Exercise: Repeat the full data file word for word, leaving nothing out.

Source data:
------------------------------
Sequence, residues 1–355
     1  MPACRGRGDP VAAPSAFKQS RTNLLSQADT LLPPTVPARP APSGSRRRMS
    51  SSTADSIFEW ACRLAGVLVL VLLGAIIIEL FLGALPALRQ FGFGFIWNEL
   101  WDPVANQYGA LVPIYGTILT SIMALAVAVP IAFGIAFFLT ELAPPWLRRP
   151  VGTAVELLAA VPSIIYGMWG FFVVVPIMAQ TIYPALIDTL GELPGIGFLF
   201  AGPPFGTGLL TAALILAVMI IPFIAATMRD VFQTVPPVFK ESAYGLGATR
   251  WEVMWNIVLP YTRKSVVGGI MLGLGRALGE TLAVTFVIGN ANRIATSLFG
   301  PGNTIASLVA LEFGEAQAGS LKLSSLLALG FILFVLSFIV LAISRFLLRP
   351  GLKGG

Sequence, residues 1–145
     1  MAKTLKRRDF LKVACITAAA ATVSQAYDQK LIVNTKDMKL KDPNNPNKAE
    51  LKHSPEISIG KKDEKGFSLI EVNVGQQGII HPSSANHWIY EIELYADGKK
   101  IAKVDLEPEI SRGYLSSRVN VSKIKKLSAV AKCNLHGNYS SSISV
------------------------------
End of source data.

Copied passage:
Sequence, residues 1–355
     1  MPACRGRGDP VAAPSAFKQS RTNLLSQADT LLPPTVPARP APSGSRRRMS
    51  SSTADSIFEW ACRLAGVLVL VLLGAIIIEL FLGALPALRQ FGFGFIWNEL
   101  WDPVANQYGA LVPIYGTILT SIMALAVAVP IAFGIAFFLT ELAPPWLRRP
   151  VGTAVELLAA VPSIIYGMWG FFVVVPIMAQ TIYPALIDTL GELPGIGFLF
   201  AGPPFGTGLL TAALILAVMI IPFIAATMRD VFQTVPPVFK ESAYGLGATR
   251  WEVMWNIVLP YTRKSVVGGI MLGLGRALGE TLAVTFVIGN ANRIATSLFG
   301  PGNTIASLVA LEFGEAQAGS LKLSSLLALG FILFVLSFIV LAISRFLLRP
   351  GLKGG

Sequence, residues 1–145
     1  MAKTLKRRDF LKVACITAAA ATVSQAYDQK LIVNTKDMKL KDPNNPNKAE
    51  LKHSPEISIG KKDEKGFSLI EVNVGQQGII HPSSANHWIY EIELYADGKK
   101  IAKVDLEPEI SRGYLSSRVN VSKIKKLSAV AKCNLHGNYS SSISV